There are several causes of chylous ascites; among them are many pathological processes such as infections, cirrhosis, malignancy, congenital defects, inflammatory process, trauma, and cardiac and renal diseases. Almost two-thirds of all chylous ascites present in developed countries as a consequence of abdominal malignancy [6, 10] and cirrhosis [11–14]. On the other hand, infectious etiologies, such as tuberculosis or filariasis, are responsible for the majority of the cases in developing countries [15, 16].
The cornerstone management in chylous ascites is treating the underlying cause whenever possible [17–19]. The resolution of chylous ascites usually takes several weeks [20, 21]. But in our case, it resolved few days after the discontinuation of methimazole. Furthermore, when ascites persists after the resolution of the underlying cause, it is recommended to provide a low lipid diet and high protein diet: the former should be supplied in the form of medium chain triglyceride (MCT) which is directly absorbed to the portal circulation from the intestine bypassing the lymph nodes and it reduces the production and flow of lymph. On the other hand, long chain triglycerides in diet must be avoided, as these are converted into free fatty acids and monoglycerides which are transported through the lymphatic system [17, 18, 20]. Moreover, somatostatin analogs which have an inhibitory effect on gastrointestinal hormones and processes have been successfully used in the treatment of chylous ascites, although the mechanism of action in these disorders remains unclear and needs further clarification [22–25]. And lastly, patients who do not improve with enteral nutrition and somatostatin analogs can be managed with total parenteral nutrition with variable results [26–28].
The etiologic list guided our workup as described above. Although the patient was an Israeli resident, she had emigrated from the Philippines two years prior to admission, and hence an infectious workup was carried out. As mentioned, no evidence of malignancy or intra-abdominal infection was found, and no evidence of anatomical aberrations in lymph structures, including lymphangioleiomyomatosis, was found, using imaging modalities such as abdominal ultrasound, CT scan, and lymphangiogram. The negative workup, and the disappearance of ascites in parallel to improvement in LFTs after discontinuation of methimazole, led us to the conclusion that hepatitis and chylous ascites in our patient were secondary to methimazole treatment.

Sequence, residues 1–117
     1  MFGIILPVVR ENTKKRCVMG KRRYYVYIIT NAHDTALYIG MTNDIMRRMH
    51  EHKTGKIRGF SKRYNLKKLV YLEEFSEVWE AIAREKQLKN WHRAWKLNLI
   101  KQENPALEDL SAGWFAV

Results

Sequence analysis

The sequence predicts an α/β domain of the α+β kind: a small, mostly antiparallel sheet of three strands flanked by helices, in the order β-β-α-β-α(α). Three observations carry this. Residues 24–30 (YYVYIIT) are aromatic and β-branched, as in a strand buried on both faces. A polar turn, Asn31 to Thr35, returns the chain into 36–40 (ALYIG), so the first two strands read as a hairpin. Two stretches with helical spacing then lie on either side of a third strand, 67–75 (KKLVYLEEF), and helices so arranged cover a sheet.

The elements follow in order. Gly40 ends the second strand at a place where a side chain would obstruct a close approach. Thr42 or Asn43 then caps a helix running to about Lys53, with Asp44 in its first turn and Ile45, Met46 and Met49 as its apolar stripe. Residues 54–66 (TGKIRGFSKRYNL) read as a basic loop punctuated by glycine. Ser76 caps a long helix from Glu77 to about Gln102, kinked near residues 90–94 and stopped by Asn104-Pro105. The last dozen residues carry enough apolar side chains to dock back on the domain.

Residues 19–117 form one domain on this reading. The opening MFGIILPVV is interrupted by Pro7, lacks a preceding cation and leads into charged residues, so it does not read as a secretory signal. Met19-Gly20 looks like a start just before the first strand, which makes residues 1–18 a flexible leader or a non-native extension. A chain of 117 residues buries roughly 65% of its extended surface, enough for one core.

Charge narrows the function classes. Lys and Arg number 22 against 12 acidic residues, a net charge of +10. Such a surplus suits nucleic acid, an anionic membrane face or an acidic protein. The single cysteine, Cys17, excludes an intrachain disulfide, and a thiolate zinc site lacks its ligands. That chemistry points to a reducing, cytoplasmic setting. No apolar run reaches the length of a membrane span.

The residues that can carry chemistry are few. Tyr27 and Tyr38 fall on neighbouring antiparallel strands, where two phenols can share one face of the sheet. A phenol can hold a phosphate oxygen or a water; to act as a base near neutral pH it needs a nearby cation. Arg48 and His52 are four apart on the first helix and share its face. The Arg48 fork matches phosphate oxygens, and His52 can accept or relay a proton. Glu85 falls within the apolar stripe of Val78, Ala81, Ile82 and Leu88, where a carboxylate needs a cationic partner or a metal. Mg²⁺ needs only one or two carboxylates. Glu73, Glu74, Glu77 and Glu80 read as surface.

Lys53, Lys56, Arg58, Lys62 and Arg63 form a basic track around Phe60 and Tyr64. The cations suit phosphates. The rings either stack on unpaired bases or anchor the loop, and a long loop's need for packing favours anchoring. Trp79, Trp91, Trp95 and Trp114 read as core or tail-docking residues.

After extensive medical database search on Medline and Embase we could not find such a relation with chylous ascites described in the literature. Thus, our case is the first case describing the causative association between methimazole and chylous ascites.
The second interesting phenomenon presented by our patient was pulmonary hypertension secondary to thyrotoxicosis. This is much better described in the literature but still represents an uncommon finding . Pulmonary hypertension in our patient resolved completely after thyroidectomy, emphasizing the relation of these findings.
In conclusion, this case emphasizes the diversity of possible adverse events of antithyroid drugs and the diverse presentation of Grave’s disease.
Conflict of Interests
The authors declare that there is no conflict of interests regarding the publication of this paper.
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Copyright © 2015 Tawfik Khoury and Ronen Schneider. This is an open access article distributed under the Creative Commons Attribution License, which permits unrestricted use, distribution, and reproduction in any medium, provided the original work is properly cited.